Ask any NBA Draft guru or General Manager, and they'll tell you that drafting is an art. Some picks will be home runs. But sometimes, you're just going to whiff on some picks. It happens to everyone.
Former Wizards head coach Flip Saunders -- who is now the Minnesota Timberwolves' President of Basketball Operations and Head Coach -- gave some insight on one notable draft bust in recent memory: Jan Vesely, the sixth overall pick in the 2011 Draft. You know, he is known for air balling free throws, and for making a grand entrance into the league?
Anyway, Grantland's Zach Lowe talked to Saunders about Cleveland Cavaliers forward Kevin Love in a column that was released today and many D.C. area outlets took notice of this salacious quote that was in the first footnote of the piece:
Thompson had blown Saunders away during a pre-draft workout in 2011, when Saunders coached the Wizards. The Washington brain trust considered reaching for Thompson with the no. 6 pick before going the safe route with a big man — Jan Vesely, who ranked higher on most draft boards but is now out of the league. "We toyed with it," Saunders says, "but heaven forbid you go out of the box and pick someone you’re higher on than anyone else."
Whoa! I read the column, but at least at first glance, I couldn't find it. You have to click on the footnote, and then it pops up:
There is a lot to digest with the footnote because the Wizards could have drafted one of the Golden State Warriors' Splash Brothers. If Thompson were in D.C. all this time, it's possible that the Wizards could have been a playoff team sooner, and you can argue that the Wizards could be an even better team than they are right now.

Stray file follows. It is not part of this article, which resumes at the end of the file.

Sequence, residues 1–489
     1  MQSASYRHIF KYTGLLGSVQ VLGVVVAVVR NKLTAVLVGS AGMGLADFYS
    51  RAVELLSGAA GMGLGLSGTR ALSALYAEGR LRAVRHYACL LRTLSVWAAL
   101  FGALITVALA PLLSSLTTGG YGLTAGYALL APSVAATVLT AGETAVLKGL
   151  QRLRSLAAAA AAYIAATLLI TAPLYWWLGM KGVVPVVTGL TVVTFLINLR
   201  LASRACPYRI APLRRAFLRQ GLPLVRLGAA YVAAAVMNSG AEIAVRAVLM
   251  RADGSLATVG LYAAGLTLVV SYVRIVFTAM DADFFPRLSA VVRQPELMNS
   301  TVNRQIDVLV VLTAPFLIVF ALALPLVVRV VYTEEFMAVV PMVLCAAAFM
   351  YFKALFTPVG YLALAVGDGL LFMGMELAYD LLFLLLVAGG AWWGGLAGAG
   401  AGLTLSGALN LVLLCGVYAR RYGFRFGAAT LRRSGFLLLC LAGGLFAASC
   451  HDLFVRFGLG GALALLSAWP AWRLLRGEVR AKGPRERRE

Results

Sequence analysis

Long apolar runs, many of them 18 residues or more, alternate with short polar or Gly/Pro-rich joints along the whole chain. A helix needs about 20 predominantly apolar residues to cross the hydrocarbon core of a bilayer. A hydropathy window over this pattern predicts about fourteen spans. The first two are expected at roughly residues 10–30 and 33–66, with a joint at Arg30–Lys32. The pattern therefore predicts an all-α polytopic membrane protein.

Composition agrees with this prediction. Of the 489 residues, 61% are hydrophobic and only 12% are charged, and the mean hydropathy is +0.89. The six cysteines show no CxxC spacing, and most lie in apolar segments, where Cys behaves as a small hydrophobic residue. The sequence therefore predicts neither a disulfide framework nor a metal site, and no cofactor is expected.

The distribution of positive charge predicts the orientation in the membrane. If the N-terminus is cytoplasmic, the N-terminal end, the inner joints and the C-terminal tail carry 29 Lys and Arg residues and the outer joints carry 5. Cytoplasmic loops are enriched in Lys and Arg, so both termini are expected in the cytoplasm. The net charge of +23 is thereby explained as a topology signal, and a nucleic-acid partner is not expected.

After all, we discussed earlier that the Wizards could have drafted 11 out of 15 players on the Warriors' roster which seems bad enough if you want to look at it that way. In theory, an Eastern Conference Championship team was just a few draft selections away. But the footnote in Lowe's piece takes it to another level because the Wizards were seriously considering drafting Thompson to play at the shooting guard or possibly the small forward position with John Wall.
However, there's always the issue of context when it comes to drafting. How were things looking like for the Wizards before the 2011 Draft?
At the time, Jordan Crawford was John Wall's backcourt mate. He averaged 16.3 points per game in 26 games he played for Washington in the 2010-11 season after he was acquired midseason from the Atlanta Hawks. In addition, the Wizards were still figuring out whether they were going to sign Nick Young to a longer term contract. Young averaged a then-career high 17.4 points per game that same season. Finally, Vesely was ranked higher than Thompson on most draft boards, so it wasn't like the pick was totally from left field then.
Another part of the "What if" story that you have to analyze is whether Thompson could have been a good fit here in Washington at the time he was drafted. That's hard to say because he would have been in a fierce competition for minutes against Crawford and Young. In addition, Thompson would have been around the Andray Blatche and JaVale McGee circus, so I wonder how he would have dealt with that.
Even though this is definitely a "What if" story to talk around the water cooler, I'm glad to say that it's not like the Wizards and Warriors went in opposite directions since that time. I'll admit that Washington has been a bit slower than Golden State in terms of their upward trajectory. But they removed locker room problem players, drafted Bradley Beal and Otto Porter, and they have developed a strong defensive identity over the last several years. At the end of the day, we should be proud to have the players we have in Washington though there is always room for improvement.